After covering a story about a man who had “no clue” what to do about an approaching bear, the NBC affiliate in Providence Rhode Island decided to make a public service announcement about how to handle being approached by a “curious bear” or what to do in the case of a bear attack.
Filmed in a dark, woodsy setting where bear attacks could happen at any moment (at least in your imagination), the suddenly-famous NBC anchor Julie Tremmel acts out bear avoidance tips from “the experts.” First of all, don’t make direct eye contact with the bear. Bears and many other animals take this as a challenge, and may attack. Julie Tremmel is an expert at demonstrating not making direct eye contact. If you move your eyes around very quickly like a crazy person, you are definitely not making direct eye contact with anyone, bear or otherwise.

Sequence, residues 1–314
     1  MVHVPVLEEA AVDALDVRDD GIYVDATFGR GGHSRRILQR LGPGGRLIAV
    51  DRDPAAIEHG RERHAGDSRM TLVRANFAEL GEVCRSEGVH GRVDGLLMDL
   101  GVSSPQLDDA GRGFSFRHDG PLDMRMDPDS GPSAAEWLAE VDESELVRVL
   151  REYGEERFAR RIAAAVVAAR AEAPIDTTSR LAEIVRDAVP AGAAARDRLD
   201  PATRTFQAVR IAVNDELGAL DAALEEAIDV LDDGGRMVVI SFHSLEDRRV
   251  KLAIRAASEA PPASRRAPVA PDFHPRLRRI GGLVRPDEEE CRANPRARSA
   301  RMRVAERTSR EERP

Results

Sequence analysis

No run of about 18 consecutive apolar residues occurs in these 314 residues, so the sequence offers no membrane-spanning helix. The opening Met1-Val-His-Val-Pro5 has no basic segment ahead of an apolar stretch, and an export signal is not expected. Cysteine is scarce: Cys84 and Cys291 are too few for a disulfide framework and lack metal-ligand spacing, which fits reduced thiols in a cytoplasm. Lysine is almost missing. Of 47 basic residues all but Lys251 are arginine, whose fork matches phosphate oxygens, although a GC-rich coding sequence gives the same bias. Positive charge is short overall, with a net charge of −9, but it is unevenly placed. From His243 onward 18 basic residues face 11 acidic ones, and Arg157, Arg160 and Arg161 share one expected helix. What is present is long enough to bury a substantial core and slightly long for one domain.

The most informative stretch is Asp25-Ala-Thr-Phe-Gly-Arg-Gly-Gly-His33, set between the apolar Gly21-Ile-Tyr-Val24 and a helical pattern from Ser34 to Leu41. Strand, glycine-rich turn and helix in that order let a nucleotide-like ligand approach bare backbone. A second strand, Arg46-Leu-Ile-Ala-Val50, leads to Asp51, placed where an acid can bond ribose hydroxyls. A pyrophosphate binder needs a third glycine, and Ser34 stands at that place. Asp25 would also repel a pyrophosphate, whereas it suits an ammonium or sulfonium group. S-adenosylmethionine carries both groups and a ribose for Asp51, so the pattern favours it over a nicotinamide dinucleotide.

“Don’t run away. Instead, back off slowly,” is the next bear-avoidance trick. Running away also triggers a response from bears and other omnivores/carnivores, which is that you are prey and should be chased. Bears are faster than you. You don’t want to make this a footrace. Instead, copy Julie Tremmel and back away while holding out your arms, as if to say, “just be chill, bear.” And keep those eyes moving.
“Waive your arms to let the animal know that you’re a human.” Tremmel’s arm-waving is even better than her not making direct eye contact. She sort of looks like someone frantically trying to get broken motion-sensor lights to come on.
BUT do this all quietly. Loud noises could distress the bear. Unless the bear attacks, then scream a lot and throw things at the bear, like your shoe (it’s all Julie had). After that, play dead. And stay calm at all times. The bear might be just as frightened as you, especially if you do the Julie Tremmel bear avoidance dance from start to finish.